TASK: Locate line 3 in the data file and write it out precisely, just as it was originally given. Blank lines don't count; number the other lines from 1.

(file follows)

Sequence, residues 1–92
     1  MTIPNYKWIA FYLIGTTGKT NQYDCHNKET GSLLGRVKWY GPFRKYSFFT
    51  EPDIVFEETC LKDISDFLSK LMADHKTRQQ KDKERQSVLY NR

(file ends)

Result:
    51  EPDIVFEETC LKDISDFLSK LMADHKTRQQ KDKERQSVLY NR